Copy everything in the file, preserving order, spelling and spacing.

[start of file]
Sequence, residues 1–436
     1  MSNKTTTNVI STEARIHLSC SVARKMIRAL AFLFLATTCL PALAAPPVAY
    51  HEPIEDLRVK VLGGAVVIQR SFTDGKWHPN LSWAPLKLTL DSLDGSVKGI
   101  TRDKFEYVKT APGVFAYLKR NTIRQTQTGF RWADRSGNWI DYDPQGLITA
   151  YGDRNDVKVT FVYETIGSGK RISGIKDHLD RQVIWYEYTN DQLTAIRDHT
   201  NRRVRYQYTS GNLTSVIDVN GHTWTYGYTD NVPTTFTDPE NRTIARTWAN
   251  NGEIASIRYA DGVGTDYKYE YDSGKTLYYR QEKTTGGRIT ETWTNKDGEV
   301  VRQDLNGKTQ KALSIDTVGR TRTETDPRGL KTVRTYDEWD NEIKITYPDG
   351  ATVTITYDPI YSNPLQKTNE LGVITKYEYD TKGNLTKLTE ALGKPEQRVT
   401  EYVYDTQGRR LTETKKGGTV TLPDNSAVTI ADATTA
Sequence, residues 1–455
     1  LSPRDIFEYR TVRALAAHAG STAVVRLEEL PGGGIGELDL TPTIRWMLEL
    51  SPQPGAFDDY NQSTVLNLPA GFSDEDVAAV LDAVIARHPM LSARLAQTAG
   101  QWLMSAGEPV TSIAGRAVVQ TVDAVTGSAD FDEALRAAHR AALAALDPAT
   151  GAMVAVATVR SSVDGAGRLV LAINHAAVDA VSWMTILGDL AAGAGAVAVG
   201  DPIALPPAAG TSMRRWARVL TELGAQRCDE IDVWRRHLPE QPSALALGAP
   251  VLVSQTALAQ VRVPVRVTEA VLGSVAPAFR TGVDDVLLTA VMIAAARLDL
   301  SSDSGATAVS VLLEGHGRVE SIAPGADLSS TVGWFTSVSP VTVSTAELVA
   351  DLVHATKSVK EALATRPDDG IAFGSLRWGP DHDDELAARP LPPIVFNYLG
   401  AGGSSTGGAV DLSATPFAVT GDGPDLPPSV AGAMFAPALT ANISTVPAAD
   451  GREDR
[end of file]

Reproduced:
Sequence, residues 1–436
     1  MSNKTTTNVI STEARIHLSC SVARKMIRAL AFLFLATTCL PALAAPPVAY
    51  HEPIEDLRVK VLGGAVVIQR SFTDGKWHPN LSWAPLKLTL DSLDGSVKGI
   101  TRDKFEYVKT APGVFAYLKR NTIRQTQTGF RWADRSGNWI DYDPQGLITA
   151  YGDRNDVKVT FVYETIGSGK RISGIKDHLD RQVIWYEYTN DQLTAIRDHT
   201  NRRVRYQYTS GNLTSVIDVN GHTWTYGYTD NVPTTFTDPE NRTIARTWAN
   251  NGEIASIRYA DGVGTDYKYE YDSGKTLYYR QEKTTGGRIT ETWTNKDGEV
   301  VRQDLNGKTQ KALSIDTVGR TRTETDPRGL KTVRTYDEWD NEIKITYPDG
   351  ATVTITYDPI YSNPLQKTNE LGVITKYEYD TKGNLTKLTE ALGKPEQRVT
   401  EYVYDTQGRR LTETKKGGTV TLPDNSAVTI ADATTA
Sequence, residues 1–455
     1  LSPRDIFEYR TVRALAAHAG STAVVRLEEL PGGGIGELDL TPTIRWMLEL
    51  SPQPGAFDDY NQSTVLNLPA GFSDEDVAAV LDAVIARHPM LSARLAQTAG
   101  QWLMSAGEPV TSIAGRAVVQ TVDAVTGSAD FDEALRAAHR AALAALDPAT
   151  GAMVAVATVR SSVDGAGRLV LAINHAAVDA VSWMTILGDL AAGAGAVAVG
   201  DPIALPPAAG TSMRRWARVL TELGAQRCDE IDVWRRHLPE QPSALALGAP
   251  VLVSQTALAQ VRVPVRVTEA VLGSVAPAFR TGVDDVLLTA VMIAAARLDL
   301  SSDSGATAVS VLLEGHGRVE SIAPGADLSS TVGWFTSVSP VTVSTAELVA
   351  DLVHATKSVK EALATRPDDG IAFGSLRWGP DHDDELAARP LPPIVFNYLG
   401  AGGSSTGGAV DLSATPFAVT GDGPDLPPSV AGAMFAPALT ANISTVPAAD
   451  GREDR